Pre-hospital treatment of suspected haemorrhagic pelvic fractures includes application of a purpose-made pelvic binder. Recent hospital studies identified poor accuracy of pelvic binder application, but there is little pre-hospital research to date. Abstract published with permission.
  • To collar or not to collar. Views of pre-hospital emergency care providers on immobilisation without cervical collars: a focus group study

    Thompson, Lee; Shaw, Gary; Bates, Charlotte; Hawkins, Christopher; McClelland, Graham; McMeekin, Peter (2021-05-01)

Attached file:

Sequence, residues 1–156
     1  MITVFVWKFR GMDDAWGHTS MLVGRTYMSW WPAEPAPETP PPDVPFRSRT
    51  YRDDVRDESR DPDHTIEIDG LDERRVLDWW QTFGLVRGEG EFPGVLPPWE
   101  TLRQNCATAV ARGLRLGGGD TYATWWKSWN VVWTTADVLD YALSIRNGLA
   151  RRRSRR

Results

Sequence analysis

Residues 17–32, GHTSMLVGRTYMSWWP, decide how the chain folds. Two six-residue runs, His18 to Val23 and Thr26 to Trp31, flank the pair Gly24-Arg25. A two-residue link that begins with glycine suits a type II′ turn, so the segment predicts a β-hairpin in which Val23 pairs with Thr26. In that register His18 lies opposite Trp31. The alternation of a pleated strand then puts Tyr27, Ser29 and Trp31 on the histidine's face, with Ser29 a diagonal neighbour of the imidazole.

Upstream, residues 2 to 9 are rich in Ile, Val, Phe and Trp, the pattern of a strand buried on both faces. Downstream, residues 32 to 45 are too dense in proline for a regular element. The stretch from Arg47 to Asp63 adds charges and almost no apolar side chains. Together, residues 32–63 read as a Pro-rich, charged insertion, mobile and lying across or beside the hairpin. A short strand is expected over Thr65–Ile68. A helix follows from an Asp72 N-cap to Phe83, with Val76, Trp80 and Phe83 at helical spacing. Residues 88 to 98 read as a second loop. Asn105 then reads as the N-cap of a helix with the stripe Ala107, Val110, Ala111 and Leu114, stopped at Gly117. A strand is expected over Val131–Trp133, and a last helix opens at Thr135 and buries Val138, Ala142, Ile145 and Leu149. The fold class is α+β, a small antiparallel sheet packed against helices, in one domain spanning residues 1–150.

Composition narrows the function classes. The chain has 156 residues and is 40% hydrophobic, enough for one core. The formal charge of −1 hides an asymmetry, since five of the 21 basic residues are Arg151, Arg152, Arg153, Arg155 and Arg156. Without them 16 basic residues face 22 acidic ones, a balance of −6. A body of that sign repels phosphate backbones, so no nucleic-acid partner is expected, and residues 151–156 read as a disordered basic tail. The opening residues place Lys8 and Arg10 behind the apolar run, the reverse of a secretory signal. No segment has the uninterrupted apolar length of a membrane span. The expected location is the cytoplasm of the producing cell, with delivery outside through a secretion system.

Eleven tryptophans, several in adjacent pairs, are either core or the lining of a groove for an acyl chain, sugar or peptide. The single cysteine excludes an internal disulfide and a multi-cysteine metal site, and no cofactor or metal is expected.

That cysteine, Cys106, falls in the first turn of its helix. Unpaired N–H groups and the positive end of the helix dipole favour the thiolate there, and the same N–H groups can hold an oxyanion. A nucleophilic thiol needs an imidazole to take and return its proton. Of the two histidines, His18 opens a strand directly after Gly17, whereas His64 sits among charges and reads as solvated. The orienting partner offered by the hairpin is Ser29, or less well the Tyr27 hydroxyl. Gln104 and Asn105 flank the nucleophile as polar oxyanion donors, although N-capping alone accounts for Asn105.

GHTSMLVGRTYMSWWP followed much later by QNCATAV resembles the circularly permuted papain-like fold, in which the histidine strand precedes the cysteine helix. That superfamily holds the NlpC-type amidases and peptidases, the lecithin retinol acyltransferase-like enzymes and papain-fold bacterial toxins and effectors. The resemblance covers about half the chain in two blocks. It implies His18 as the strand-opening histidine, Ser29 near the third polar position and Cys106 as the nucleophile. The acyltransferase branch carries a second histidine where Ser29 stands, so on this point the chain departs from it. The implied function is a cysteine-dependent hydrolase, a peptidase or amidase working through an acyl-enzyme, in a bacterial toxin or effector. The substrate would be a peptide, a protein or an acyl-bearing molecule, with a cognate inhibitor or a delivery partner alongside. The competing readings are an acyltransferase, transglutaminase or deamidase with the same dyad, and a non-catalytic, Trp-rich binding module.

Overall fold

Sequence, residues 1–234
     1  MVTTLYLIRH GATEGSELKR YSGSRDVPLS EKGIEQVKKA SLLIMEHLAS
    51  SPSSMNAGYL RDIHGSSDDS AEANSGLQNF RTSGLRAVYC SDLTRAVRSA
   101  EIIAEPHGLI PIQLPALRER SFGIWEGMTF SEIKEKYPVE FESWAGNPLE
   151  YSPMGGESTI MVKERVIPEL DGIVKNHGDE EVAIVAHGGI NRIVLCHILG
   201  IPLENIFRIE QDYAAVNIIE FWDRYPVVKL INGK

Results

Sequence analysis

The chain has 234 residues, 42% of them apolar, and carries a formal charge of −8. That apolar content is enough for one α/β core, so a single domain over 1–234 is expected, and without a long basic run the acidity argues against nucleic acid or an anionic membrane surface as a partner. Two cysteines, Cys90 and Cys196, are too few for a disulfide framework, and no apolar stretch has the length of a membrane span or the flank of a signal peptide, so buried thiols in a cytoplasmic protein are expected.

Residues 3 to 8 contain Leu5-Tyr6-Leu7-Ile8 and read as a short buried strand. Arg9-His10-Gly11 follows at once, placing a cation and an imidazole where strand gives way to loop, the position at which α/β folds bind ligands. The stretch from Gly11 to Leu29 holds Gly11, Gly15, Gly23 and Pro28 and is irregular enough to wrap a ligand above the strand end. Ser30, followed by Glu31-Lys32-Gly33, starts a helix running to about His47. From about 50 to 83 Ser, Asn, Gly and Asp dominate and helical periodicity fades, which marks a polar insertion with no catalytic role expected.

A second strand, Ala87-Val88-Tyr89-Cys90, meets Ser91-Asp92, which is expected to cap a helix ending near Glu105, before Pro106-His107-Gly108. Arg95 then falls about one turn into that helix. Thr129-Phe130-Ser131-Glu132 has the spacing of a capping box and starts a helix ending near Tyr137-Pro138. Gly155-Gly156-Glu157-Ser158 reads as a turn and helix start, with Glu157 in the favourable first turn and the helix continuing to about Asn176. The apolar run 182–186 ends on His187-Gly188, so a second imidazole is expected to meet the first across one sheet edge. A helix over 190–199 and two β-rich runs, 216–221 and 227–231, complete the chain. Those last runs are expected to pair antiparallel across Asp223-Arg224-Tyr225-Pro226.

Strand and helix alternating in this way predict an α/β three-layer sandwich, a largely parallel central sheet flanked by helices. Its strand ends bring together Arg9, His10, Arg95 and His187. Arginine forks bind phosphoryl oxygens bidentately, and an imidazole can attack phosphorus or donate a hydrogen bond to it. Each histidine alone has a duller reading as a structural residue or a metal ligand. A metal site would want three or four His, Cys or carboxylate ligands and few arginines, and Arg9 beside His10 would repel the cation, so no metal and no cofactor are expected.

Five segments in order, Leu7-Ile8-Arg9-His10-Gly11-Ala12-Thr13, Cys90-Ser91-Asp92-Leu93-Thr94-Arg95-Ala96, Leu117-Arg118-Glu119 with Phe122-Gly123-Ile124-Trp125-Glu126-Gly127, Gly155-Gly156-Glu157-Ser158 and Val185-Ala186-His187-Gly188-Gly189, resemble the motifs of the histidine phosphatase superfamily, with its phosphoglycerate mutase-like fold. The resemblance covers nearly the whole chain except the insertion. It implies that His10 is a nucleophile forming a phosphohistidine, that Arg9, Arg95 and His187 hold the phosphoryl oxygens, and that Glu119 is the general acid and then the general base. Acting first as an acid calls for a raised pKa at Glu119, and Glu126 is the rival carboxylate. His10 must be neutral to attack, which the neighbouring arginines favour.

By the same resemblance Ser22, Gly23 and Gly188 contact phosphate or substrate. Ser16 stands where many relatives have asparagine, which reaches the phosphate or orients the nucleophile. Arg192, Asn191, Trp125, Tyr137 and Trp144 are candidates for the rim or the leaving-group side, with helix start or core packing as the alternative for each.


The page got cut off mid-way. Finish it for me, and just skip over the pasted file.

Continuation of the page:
Spinal cord injury (SCI) is a rare event, with high numbers of patients unnecessarily immobilised with no potential benefit based on limited evidence from the 1950s and 1960s. Contemporary opinion now challenges the notion that traditional immobilisation prevents movement and protects the spine. Current literature suggests that these methods which include semi-rigid collars can potentially cause more movement of the spine and harm the patient. The purpose of this study was to explore the views and perspectives of pre-hospital care providers on immobilising patients without the use of a semi-rigid collar. https://www.ingentaconnect.com/content/tcop/bpj/2021/00000006/00000001/art00006 This is an Open Access article distributed in accordance with the Creative Commons Attribution Non Commercial (CC BY-NC 4.0) license, which permits others to distribute, remix, adapt, build upon this work non-commercially, and license their derivative works on different terms, provided the original work is properly cited and the use is non-commercial. http://creativecommons.org/licenses/by-nc/4.0/ DOI http://dx.doi.org/10.29045/14784726.2021.6.6.1.38 Abstract published with permission.